Vibronic interaction effects constitute a new field of investigation in the physics and chemistry of molecules and crystals that combines all the phenomena and laws originating from the mixing of different electronic states by nuclear displacements. This field is based on a new concept which goes beyond the separate descriptions of electronic and nuclear motions in the adiabatic approximation. Publications on this topic often appear under the title of the lahn-Thller effect, although the area of application of the new approach is much wider: the term vibronic interaction seems to be more appropriate to the field as a whole. The present understanding of the subject was reached only recently, during the last quarter of a century. As a result of intensive development of the theory and experiment, it was shown that the nonadiabatic mixing of close-in-energy elec tronic states under nuclear displacements and the back influence of the modified electronic structure on the nuclear dynamics result in a series of new effects in the properties of molecules and crystals. The applications of the theory of vibronic in of spectroscopy [including visible, ultraviolet, in teractions cover the full range frared, Raman, EPR, NMR, nuclear quadrupole resonance (NQR), nuclear gam ma resonance (NOR), photoelectron and x-ray spectroscopy], polarizability and magnetic susceptibility, scattering phenomena, ideal and impurity crystal physics and chemistry (including structural as well as ferroelectric phase transitions), stereochemistry and instability of molecular (including biological) systems, mechanisms of chemical reactions and catalysis.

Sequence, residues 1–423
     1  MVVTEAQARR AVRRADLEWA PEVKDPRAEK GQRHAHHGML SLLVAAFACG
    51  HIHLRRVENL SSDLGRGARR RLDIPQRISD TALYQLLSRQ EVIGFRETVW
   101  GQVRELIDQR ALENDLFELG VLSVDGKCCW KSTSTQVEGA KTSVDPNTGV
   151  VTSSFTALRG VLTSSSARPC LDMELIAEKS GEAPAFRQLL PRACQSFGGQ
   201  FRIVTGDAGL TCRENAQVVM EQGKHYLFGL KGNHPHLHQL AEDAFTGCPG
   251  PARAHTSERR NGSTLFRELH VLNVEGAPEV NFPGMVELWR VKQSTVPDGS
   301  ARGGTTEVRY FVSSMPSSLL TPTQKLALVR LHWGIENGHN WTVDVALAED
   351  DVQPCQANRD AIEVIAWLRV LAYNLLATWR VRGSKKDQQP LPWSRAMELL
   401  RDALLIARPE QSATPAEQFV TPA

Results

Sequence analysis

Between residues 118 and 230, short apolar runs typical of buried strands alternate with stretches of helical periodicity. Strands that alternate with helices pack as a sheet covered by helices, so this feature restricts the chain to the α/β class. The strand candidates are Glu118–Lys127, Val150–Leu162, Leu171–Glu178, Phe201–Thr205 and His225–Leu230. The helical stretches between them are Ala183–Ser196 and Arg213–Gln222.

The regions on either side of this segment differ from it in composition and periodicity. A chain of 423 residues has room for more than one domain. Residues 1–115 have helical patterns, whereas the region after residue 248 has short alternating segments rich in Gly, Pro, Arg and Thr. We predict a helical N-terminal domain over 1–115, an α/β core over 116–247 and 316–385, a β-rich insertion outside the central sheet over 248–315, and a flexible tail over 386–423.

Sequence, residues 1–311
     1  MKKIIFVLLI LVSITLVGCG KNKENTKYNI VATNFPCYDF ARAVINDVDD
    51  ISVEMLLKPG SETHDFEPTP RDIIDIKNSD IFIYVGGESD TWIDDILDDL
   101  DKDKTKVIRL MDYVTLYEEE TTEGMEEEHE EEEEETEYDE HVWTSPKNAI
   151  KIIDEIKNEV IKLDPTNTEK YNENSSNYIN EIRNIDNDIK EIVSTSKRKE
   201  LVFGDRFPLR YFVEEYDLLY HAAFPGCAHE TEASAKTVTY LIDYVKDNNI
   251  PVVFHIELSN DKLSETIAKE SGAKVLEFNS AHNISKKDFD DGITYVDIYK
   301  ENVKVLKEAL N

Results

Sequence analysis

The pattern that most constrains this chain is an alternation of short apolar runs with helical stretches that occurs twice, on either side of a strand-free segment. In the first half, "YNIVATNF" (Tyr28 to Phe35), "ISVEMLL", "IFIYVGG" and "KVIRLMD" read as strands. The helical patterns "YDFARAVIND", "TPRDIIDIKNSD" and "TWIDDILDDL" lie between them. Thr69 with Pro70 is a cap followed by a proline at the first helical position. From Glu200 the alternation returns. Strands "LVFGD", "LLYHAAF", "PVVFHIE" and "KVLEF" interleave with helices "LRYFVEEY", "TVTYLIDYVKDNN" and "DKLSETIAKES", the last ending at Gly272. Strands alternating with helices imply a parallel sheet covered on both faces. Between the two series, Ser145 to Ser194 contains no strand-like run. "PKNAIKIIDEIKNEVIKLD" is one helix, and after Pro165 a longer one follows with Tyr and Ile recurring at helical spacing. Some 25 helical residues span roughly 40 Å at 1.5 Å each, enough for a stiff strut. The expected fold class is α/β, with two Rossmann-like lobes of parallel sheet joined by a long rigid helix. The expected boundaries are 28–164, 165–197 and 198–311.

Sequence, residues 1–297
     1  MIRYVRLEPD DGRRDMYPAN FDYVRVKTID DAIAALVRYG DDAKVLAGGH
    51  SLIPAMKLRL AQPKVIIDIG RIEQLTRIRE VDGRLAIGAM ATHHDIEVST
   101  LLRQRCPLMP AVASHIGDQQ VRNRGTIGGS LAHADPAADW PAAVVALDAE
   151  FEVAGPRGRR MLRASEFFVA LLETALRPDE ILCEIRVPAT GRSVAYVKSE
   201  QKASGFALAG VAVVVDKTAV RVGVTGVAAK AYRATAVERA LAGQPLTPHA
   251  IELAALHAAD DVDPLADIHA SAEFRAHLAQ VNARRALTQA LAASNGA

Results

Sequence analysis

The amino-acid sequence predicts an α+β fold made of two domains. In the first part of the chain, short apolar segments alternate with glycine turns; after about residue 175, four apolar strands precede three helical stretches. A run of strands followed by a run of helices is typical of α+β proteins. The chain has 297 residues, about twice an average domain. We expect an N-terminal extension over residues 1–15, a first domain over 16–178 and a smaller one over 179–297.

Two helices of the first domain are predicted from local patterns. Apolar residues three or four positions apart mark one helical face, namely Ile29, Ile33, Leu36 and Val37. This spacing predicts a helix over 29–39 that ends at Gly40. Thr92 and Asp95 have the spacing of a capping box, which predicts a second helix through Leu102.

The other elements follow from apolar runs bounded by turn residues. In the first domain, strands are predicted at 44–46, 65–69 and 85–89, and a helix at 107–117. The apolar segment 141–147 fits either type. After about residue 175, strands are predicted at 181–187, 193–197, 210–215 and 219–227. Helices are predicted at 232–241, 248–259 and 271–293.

The theory of vibronic interactions is a new field of investigation in the physics and chemistry of molecules and crystals that goes beyond the separate descriptions of the motion of electrons and nuclei in the adiabatic approximation. A systematic treatment of the most important manifestations of nonadiabaticity (the Jahn-Teller, pseudo-Jahn-Teller and Renner effects) is given, including derivation of the vibronic Hamiltonian, proof of the Jahn-Teller theorem, determination of the adiabatic potentials of electronically degenerate and pseudodegenerate polyatomic systems, calculations of vibronic energy spectra and solutions of the multimode and multicenter problems. The second part of the book contains applications of the theory to optical and infrared spectroscopy, EPR and cooperative phenomena in crystals.
Contents: Introduction.- Vibronic Interactions and the Jahn-Teller Theorem.- Adiabatic Potentials.- Solution of Vibronic Equations. Tunneling Splitting.- Spectroscopic Manifestations of Vibronic Effects.- Cooperative Phenomena. Structural Phase Transitions.- Appendices.- References.- Subject Index.